In my confusion we ended driving by the of the passes that I really wanted to ride, the Col du Petit St Bernard. Oh well, how many stickers do you need anyway. The next pass that we rode ended up being the biggest treat, the Col dr L’Iseran. When we started on this road the clouds had come in a little and the wind had picked up and the road was in fair condition with wide open exposure on the edge of the road. After a few miles up past a mine and an deserted ski area we still had not seen one vehicle making me feel this might dead end somewhere up on the top of the mountain. It was exciting so we decided to continue on and see what was at the top. After about 45kms we got to the pass sign on top of the pass, still having not seen one vehicle, but the weather had improved, so we snapped a picture and continued on.
Rounding the corner and about 200 meters up the road the pass was blocked because the snow had not been removed yet. A snow wall about 5 meters tall and 50 meters long blocked the only way back down the mountain. Today was the day that the pass was opening, so if we could wait for 2 hours, it might be cleared. We ended up waiting with several bikes on our side and there were several bikes and RVs waiting on the other side of the snow.
After having a little party at the top with the other bikers they finally cleared the road but left a strip of only about 0.5 meters ice free. Some of the RVs coming up had a difficult time coming up the hill due to the ice. The ride down was just as deserted and we passed thru a couple towns that looked as if they had just been abandoned. A 2-up couple on a Moto Guzzi chased us down the hill as the shadows began to increase signaling the coming of the end of another great riding day.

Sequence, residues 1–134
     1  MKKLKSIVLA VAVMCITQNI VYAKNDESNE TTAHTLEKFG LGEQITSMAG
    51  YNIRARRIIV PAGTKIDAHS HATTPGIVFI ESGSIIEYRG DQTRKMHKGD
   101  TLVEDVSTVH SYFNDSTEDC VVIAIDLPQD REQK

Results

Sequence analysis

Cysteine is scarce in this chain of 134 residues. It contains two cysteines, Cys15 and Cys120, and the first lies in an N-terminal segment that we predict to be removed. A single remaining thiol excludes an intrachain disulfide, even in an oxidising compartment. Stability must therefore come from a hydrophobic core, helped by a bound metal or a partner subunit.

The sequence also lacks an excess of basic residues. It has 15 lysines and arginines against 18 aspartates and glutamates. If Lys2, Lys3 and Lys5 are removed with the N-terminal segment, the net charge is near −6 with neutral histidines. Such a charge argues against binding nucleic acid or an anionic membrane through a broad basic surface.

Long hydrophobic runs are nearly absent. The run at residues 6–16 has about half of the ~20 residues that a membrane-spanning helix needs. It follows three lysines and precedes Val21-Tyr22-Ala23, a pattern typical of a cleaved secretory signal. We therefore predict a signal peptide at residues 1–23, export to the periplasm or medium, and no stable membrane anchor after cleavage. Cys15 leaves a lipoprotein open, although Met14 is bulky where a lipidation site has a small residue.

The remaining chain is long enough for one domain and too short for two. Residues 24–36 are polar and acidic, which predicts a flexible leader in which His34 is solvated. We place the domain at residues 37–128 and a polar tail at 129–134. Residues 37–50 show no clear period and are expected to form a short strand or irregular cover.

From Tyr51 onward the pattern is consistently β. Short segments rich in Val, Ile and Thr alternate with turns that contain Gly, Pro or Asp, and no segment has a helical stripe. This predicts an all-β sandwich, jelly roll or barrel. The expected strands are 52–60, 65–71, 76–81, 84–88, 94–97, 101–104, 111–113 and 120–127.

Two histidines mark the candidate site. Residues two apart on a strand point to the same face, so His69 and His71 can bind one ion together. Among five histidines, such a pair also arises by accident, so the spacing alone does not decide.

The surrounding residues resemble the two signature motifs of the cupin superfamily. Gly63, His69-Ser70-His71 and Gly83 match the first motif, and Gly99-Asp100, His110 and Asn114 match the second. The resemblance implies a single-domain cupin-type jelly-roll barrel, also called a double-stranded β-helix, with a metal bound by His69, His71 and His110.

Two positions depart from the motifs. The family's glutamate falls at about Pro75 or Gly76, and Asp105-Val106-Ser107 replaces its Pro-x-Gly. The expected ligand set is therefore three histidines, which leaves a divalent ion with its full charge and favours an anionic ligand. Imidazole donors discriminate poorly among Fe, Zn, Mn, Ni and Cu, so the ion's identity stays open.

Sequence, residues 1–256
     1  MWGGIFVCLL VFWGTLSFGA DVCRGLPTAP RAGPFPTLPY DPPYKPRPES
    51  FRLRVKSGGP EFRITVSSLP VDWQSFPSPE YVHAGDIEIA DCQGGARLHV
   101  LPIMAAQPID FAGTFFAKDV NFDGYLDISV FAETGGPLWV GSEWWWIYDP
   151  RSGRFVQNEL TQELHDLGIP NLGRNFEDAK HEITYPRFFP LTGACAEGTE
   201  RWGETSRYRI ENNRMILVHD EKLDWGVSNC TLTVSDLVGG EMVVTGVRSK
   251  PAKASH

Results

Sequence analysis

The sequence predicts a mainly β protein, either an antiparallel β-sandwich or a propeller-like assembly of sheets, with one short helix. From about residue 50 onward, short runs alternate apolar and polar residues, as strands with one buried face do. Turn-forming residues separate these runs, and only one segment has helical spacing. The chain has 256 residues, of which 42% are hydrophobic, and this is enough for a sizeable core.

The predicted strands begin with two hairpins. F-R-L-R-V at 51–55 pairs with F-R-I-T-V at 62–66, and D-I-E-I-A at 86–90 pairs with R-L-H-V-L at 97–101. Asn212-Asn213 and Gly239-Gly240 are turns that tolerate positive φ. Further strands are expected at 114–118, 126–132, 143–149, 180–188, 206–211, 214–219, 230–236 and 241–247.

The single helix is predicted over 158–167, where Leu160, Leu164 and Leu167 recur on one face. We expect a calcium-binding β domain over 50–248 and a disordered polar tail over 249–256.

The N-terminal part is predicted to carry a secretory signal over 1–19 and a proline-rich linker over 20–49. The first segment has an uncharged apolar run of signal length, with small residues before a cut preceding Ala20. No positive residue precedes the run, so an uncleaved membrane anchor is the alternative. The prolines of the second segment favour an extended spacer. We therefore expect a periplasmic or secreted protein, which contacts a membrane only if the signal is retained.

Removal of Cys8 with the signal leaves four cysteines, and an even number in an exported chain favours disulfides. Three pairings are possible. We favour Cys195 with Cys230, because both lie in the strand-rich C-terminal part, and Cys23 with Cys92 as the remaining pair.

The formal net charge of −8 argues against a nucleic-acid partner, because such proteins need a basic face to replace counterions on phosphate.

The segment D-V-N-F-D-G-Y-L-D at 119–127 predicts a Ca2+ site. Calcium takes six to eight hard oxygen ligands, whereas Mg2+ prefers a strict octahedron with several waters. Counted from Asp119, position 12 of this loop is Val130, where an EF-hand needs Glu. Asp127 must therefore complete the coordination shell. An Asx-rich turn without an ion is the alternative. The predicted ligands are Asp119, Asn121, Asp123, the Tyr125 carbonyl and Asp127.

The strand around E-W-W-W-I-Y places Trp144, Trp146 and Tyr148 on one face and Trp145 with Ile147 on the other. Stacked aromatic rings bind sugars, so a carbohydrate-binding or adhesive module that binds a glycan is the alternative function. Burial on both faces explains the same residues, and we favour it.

As we raced down the roads looking for a place to camp, we couldn’t find one. Traveling without a plan is so great because no never know what you are going to see. Coming around a corner we saw up on the hill a ENORMOUS castle. There wasn’t any information on it and it was closed, but we researched it later that night. It is called forte di Exilles and was built in the 1100’s as a military road protecting access through this valley.
It was time to find food for supper and a campground and we were tired and hot. Passing through Montgenevre we found a Pizza place and ordered way too much food. It was just two single orders but the portions were huge. We both ate Melanie’s pizza and took my Calzone to go. Up ahead are some great twisty pass road getting us back up to some cooler temps and finding a small campground sign on the side of the road we turn off in search of a place to set our tent. Pulling into the rustic campground everything is locked up and as we get off the bike a guy shows up and, after I plead our case and quickly arriving darkness, decides we are worthy of a place to stay. We set camp away from the only other tent campers who were a couple Brits and super nice guys, which ended up with my Calzone since they hadn’t eaten tonight.